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[casi] Blair Admits Post-War Plan Splits

Last Updated:  Wednesday, 2 April, 2003, 17:47 GMT 18:47 UK
Blair admits post-war plan splits
Tony Blair has said there are differences over who should run a post-war interim administration in 

But as one of his ministers outlined the UK's plan, the prime minister stressed everybody agreed 
Iraq should be governed as soon as possible by Iraqis, rather than the coalition or the UN.

At his weekly question time session, he also told MPs that Saddam Hussein planned to desecrate 
religious sites and blame the damage on the coalition forces.

The prime minister, who also ruled out UK military action against Iran and Syria, said: "The fact 
that Saddam is prepared to use these tactics underlines once again the nature of his regime."

 But Iraq's Information Minister, Mohammed Saeed al-Sahhaf said US planes were targeting the 

Mr Blair told the Commons he accepted there were differences of view within the UN about post-war 

But he added: "I think those differences are reconcilable, if we understand that once the conflict 
ends, of course the coalition forces will be there.

"It's then important that we work as coalition forces and coalition countries, in close 
consultation and partnership with the UN, to try to develop the right type of Iraqi interim 
authority that will be Iraqi in nature."

UK plans

Downing Street rejects suggestions that the UK's vision of the UN playing a leading role after the 
war is at odds with statements from the US administration.

There have been reports in America suggesting the US would appoint 23 American ministers, headed by 
retired general Jay Garner, to run Iraq after the conflict.

UK Foreign Office Minister Mike O'Brien said it was planned for General Garner to lead a team,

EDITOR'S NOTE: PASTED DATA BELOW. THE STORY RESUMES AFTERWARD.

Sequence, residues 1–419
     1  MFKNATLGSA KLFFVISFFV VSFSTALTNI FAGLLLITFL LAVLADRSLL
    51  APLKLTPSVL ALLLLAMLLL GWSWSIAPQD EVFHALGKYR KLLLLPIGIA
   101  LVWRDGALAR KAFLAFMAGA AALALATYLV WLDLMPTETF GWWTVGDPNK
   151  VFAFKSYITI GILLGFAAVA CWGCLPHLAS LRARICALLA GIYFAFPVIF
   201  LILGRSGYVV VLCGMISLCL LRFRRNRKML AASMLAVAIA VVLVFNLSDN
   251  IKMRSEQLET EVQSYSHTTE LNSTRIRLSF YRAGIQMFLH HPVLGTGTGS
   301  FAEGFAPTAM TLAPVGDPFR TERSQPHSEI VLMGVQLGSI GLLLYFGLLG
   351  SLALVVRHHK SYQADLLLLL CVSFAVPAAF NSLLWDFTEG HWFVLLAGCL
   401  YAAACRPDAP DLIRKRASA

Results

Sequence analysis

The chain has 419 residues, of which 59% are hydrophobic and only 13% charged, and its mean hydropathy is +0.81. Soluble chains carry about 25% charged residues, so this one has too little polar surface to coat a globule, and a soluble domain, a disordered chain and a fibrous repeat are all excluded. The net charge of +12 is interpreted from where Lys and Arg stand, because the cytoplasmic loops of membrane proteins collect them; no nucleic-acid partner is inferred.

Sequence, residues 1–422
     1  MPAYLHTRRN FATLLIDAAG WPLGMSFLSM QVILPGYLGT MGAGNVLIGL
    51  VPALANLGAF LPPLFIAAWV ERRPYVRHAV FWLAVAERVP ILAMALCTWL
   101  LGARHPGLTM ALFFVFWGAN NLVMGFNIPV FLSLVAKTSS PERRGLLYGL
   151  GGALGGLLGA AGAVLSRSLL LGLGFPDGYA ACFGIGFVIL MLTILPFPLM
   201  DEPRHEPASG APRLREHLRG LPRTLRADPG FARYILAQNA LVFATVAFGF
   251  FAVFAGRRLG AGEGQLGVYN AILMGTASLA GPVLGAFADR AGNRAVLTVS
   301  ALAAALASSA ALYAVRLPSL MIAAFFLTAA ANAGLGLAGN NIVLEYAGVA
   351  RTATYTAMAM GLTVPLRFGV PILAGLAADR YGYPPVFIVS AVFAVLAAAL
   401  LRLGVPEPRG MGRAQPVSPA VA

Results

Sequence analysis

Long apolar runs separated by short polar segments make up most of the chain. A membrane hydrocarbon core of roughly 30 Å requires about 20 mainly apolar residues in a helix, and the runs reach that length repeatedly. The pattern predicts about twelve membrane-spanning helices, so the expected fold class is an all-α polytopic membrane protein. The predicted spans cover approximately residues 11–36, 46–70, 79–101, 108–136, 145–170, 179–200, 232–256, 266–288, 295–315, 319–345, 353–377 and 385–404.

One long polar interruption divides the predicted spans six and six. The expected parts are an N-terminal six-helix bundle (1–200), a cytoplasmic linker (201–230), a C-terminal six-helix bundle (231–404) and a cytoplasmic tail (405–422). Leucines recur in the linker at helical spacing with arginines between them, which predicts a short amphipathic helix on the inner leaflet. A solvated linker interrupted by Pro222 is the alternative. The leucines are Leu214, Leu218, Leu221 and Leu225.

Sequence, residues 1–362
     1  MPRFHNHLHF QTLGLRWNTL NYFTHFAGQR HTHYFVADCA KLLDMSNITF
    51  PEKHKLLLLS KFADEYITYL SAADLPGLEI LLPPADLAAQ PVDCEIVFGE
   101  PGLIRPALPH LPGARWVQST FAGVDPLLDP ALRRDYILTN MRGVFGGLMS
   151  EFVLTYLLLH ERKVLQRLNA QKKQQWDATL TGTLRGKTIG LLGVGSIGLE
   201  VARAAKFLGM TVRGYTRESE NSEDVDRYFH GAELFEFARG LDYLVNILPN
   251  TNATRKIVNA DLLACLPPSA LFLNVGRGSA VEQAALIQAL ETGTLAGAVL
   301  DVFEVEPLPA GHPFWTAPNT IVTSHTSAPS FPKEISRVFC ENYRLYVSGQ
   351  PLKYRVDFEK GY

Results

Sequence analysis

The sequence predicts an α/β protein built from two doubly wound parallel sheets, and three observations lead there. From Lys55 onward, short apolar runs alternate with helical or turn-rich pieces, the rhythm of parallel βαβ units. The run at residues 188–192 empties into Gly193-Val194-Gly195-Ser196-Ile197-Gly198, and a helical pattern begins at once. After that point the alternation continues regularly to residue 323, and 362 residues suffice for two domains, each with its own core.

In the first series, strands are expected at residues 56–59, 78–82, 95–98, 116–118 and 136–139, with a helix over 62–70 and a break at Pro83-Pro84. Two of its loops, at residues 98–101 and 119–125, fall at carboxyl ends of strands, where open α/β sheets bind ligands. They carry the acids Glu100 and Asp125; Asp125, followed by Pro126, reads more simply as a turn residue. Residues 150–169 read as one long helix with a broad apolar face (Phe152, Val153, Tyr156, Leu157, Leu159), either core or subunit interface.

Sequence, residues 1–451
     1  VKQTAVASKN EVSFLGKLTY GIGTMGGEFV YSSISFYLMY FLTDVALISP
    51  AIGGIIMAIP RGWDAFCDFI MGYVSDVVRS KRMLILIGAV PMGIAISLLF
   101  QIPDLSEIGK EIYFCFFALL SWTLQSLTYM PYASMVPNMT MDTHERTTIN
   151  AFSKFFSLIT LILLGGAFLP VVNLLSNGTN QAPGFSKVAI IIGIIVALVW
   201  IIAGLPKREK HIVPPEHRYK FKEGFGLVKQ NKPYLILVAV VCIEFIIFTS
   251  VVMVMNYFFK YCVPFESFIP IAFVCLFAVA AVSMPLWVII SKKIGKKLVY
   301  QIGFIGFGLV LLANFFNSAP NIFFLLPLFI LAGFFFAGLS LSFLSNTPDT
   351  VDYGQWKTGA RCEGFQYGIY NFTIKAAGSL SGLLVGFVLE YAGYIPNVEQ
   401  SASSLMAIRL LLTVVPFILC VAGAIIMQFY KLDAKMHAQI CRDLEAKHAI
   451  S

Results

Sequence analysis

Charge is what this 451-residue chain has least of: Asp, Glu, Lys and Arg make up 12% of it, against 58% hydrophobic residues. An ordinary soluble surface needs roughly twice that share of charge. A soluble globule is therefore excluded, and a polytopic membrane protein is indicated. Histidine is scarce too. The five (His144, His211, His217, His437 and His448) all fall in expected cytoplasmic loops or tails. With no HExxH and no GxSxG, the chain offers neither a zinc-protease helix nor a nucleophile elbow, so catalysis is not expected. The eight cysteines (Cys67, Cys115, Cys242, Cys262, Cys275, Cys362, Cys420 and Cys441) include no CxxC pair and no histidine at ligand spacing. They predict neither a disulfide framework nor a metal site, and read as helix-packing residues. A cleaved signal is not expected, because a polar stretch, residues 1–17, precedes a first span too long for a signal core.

including six UK officials, to advise and make decisions about running basic services in the "few 
weeks" after a war.

He would "hopefully" operate with a UN special commissioner and, as soon as possible, with the 
basis of an Iraqi administration, Mr O'Brien told BBC Radio 4's World At One.

 A UN conference would then bring Iraq's various racial, religious and regional groups together to 
form an interim government after the conflict, paving the way for elections.

The conference would be similar to that of the Bonn conference in 2001, which helped form a new 
government in post-war Afghanistan.

Foreign Secretary Jack Straw will discuss the shape of post-war Iraq when he meets his German 
counterpart Joshka Fischer on Wednesday.

US Secretary of State Colin Powell will outline how the US sees the future of Iraq when he meets 
European Union officials and Nato representatives in Brussels on Thursday.

Syria warning

Comments by his colleague, the US Defense Secretary Donald Rumsfeld, has forced the UK Government 
to rule out further action against Iran or Syria.

Mr Rumsfeld said America would hold Syria accountable for "hostile acts" and also warned Iran not 
to become involved in the conflict.

Mr Blair said it was unacceptable if Syria was supplying Iraqi forces or if Iran was training enemy 
militia, as the US alleges.

But, in echoing an earlier statement from Mr Straw, he added: "However, we maintain relations with 
both those countries to make sure those things do not happen."

After Question Time, Mr Blair's official spokesman said it was still unknown whether Saddam Hussein 
was alive or dead, amid renewed speculation about his health when his address to the nation was 
delivered on his behalf.

The spokesman said: "He appears temporarily at least to have made himself scarce."

As UK troops continued to consolidate their positions in the south of the country, the spokesman 
said the "endgame" was still ahead and warned of more casualties.

Copyright BBC

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